An innovative healthcare leader serving local communities and beyond, a long-time program manager who has worked tirelessly to enrich student learning opportunities outside the classroom and a licensed psychologist who has dedicated four decades of her career to the advancement of student mental health services are among the five new inductees to be honored for their outstanding contributions to West Virginia University.
The Division of Student Life will honor the recipients of the 2021 Hall of Fame and Outstanding Achievement Awards during an induction ceremony at 3:30 p.m. Monday (Oct. 4) at the Mountainlair Ballrooms. In accordance with WVU guidelines, all individuals, regardless of vaccination status, are required to wear a mask indoors in all WVU System buildings and facilities through Oct. 6.
Dr. Lisa Costello
Costello, of Weirton, serves as an assistant professor in the department of pediatrics at WVU and a pediatric hospitalist at WVU Medicine Children’s. She is co-director of the Pediatrics Clerkship and leads a healthcare literacy and patient advocacy curriculum thread for the M.D. program, and, serves as the advisor for Student Advocates Impacting Decision on Healthcare.
Costello also serves as the president of the West Virginia Chapter of the American Academy of Pediatrics, president-elect of the West Virginia State Medical Association and a member of the Board of Directors for the WV Children’s Health Insurance Program.
She dedicates her work to improving communication among patients, healthcare professionals and the public, and, utilizing technology and media to amplify advocacy and education among healthcare professionals.
In 2011, the WVU School of Medicine Alumni Association selected Costello as recipient of the President’s Young Alumnus Award, in 2015, she received the Advocate for Children Award from the West Virginia Chapter of the American Academy of Pediatrics, and in 2017, she received the Margaret Buchanan Cole Young Alumnus Award from the WVU Alumni Association.
Costello has earned three degrees from WVU which include a bachelor’s in biology, master’s in public health and doctor of medicine.
After 32 years of working to advance student recreation and physical activity at WVU, Brubaker retired in 2019. He managed WVU Intramural and Campus Sports since 1986, and during his tenure, the number of club sports teams grew from 11 to 56.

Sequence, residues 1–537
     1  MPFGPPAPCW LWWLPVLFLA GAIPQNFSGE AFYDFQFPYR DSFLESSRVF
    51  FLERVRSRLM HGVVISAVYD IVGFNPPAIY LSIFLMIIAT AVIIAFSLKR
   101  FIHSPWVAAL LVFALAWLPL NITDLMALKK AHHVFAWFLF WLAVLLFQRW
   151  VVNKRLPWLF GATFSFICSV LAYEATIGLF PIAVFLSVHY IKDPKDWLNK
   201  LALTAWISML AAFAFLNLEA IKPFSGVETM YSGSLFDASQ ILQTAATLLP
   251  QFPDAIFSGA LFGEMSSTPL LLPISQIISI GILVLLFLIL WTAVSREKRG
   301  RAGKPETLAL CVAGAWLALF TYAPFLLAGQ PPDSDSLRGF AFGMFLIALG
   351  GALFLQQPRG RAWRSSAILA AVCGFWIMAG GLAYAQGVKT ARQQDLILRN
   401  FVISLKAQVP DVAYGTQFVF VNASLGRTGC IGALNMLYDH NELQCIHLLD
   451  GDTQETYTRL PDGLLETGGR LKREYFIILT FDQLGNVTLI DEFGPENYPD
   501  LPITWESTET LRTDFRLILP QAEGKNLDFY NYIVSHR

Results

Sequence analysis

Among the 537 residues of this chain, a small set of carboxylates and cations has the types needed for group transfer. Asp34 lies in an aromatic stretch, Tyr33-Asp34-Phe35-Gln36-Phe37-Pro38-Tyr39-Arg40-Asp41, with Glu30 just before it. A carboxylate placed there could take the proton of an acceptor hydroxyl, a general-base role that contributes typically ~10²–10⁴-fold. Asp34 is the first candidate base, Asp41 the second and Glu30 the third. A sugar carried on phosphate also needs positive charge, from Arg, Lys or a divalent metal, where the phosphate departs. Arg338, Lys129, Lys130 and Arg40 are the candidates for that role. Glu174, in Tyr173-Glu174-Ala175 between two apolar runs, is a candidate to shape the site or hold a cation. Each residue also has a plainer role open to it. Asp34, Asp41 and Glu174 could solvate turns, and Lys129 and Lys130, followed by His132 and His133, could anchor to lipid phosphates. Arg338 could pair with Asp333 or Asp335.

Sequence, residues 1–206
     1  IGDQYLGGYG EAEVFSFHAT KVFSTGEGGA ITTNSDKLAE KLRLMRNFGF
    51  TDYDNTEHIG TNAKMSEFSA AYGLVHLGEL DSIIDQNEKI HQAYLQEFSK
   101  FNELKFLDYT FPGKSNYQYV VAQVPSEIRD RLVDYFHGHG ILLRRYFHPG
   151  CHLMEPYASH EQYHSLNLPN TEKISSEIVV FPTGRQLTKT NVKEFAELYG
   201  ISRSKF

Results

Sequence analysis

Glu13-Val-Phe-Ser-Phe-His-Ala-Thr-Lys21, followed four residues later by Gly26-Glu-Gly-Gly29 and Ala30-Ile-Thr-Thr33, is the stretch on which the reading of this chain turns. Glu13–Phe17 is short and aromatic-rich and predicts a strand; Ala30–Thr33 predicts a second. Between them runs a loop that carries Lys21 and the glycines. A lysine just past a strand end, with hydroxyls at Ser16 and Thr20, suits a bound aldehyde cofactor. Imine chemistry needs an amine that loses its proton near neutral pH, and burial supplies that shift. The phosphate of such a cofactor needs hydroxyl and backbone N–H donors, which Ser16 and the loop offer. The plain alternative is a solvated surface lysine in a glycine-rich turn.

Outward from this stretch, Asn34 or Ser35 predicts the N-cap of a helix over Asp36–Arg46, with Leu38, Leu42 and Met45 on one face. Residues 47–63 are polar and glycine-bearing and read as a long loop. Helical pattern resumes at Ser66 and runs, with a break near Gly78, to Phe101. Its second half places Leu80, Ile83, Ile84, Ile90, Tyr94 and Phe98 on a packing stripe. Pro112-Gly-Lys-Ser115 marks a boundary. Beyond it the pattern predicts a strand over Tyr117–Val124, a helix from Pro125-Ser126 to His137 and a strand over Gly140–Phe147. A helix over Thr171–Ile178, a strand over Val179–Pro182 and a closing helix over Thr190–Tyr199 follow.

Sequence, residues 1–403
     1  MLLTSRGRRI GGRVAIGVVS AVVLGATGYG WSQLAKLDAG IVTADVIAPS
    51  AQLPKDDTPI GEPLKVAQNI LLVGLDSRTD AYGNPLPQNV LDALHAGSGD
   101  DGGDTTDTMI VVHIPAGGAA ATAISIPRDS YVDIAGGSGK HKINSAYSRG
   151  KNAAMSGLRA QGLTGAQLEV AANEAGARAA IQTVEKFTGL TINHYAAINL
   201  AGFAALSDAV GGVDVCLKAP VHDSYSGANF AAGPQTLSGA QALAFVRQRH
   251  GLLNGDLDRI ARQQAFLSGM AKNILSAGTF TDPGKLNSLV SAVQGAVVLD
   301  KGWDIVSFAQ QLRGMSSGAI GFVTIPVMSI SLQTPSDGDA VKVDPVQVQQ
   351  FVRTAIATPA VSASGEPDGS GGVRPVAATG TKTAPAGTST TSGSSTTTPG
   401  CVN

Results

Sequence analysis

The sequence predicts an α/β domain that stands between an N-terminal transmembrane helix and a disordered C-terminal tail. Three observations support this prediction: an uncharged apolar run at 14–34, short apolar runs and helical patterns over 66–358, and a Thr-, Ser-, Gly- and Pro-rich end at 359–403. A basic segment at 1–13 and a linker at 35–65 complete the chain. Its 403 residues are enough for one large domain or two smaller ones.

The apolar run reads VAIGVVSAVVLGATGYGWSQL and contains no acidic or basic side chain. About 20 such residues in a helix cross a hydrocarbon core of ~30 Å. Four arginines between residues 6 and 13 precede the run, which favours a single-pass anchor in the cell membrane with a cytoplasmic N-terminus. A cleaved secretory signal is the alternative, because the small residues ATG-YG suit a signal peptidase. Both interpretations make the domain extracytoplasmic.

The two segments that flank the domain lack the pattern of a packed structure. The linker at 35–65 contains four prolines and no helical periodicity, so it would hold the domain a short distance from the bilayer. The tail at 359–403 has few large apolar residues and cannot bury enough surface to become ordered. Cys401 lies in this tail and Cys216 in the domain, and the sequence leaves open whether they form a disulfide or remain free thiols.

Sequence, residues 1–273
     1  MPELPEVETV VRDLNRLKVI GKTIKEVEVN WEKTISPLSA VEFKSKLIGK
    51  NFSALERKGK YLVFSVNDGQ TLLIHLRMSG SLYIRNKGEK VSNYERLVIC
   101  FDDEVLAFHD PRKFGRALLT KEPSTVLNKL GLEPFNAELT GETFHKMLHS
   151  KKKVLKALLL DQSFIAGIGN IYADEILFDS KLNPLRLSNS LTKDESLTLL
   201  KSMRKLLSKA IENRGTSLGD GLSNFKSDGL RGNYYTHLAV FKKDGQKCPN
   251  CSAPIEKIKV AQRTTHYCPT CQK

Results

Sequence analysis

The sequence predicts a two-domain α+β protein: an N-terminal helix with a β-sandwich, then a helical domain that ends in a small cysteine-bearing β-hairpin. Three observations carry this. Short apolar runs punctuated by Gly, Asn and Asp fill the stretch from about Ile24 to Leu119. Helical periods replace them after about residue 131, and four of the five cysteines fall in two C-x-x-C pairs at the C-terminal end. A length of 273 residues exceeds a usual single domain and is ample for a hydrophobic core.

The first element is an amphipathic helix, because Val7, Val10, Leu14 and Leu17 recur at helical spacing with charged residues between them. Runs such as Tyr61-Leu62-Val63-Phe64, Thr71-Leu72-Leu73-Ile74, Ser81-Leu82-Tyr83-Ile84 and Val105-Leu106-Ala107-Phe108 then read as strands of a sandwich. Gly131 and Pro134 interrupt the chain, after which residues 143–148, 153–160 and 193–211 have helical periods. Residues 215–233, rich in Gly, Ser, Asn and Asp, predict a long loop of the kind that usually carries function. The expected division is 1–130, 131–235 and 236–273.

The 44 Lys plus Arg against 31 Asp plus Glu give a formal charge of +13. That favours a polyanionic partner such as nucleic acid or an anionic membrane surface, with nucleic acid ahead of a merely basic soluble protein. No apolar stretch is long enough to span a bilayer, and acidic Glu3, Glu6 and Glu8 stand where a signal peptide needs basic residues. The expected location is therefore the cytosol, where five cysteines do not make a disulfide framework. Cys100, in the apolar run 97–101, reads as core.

Brubaker also pioneered the Athletic Training program for many of the club and intramural competitions, served as an instructor for the College of Physical Activity and Sport Sciences Basic Instruction Program and coordinated the annual Mountaineer Week Bob Huggins 3-on-3 Basketball Tournament to help raise awareness and funds to benefit the Norma Rae Huggins Cancer Research Endowment Fund.
Harrison began her tenure at WVU in 1989 as the program assistant of the student-run radio station U92 the Moose, and in 2001, she was promoted to general manager.
From 2008, until her retirement in 2020, Harrison served as the assistant director of Student Engagement and Leadership. In this role, she oversaw the process of recognizing more than 450 student organizations. She worked to enrich the student experience by cultivating engaging and meaningful experiences and other leadership opportunities.
Recognized for her dedication to better the WVU community for students and staff members, she is the recipient of the 2019 David W. Jacobs Lifetime Service Award.
Pailes devoted 27 years of service to the Office Campus and Community Life before retiring in 2020. Dubbed the face of WVU’s Elizabeth Moore Hall, Pailes greeted students and other guests for nearly three decades while managing the front desk of her much beloved building. Extending beyond her regular duties, Pailes voluntarily served as a mentor to the numerous students who visited E. Moore to study or attend events.
Not only did Pailes exhibit a deep respect for others, she also holds the integrity of the building in high regard. Listed on the National Register of Historic Places in 1985, E. Moore Hall was like her own home, and she treated it that way— an approach that has become contagious to others.
A long-time ardent supporter of student well-being, Yura has committed nearly 40 years to advance a holistic approach to student mental and emotional health through education, service and advocacy.
Yura joined the Carruth Center in 1980 as a graduate assistant, and in 1997, she became the director, a position she held until named the assistant vice president for WELLWVU, in 2009. In this role, she helped lead the vision of an integrative approach to student health and wellness at WVU.
Perpetually searching for innovative approaches to mental health, her idea to provide students in recovery with a safe and supportive environment within the campus culture came to fruition in 2016 with the launch of the Collegiate Recovery Program and Serenity Place. Yura directed these programs until her retirement in 2020.
In recognition of her commitment to students, the Cathy Yura Recovery Scholarship was established in 2020 to benefit students in sustained recovery who are actively involved in service efforts.
CONTACT: Kristie Stewart-Gale
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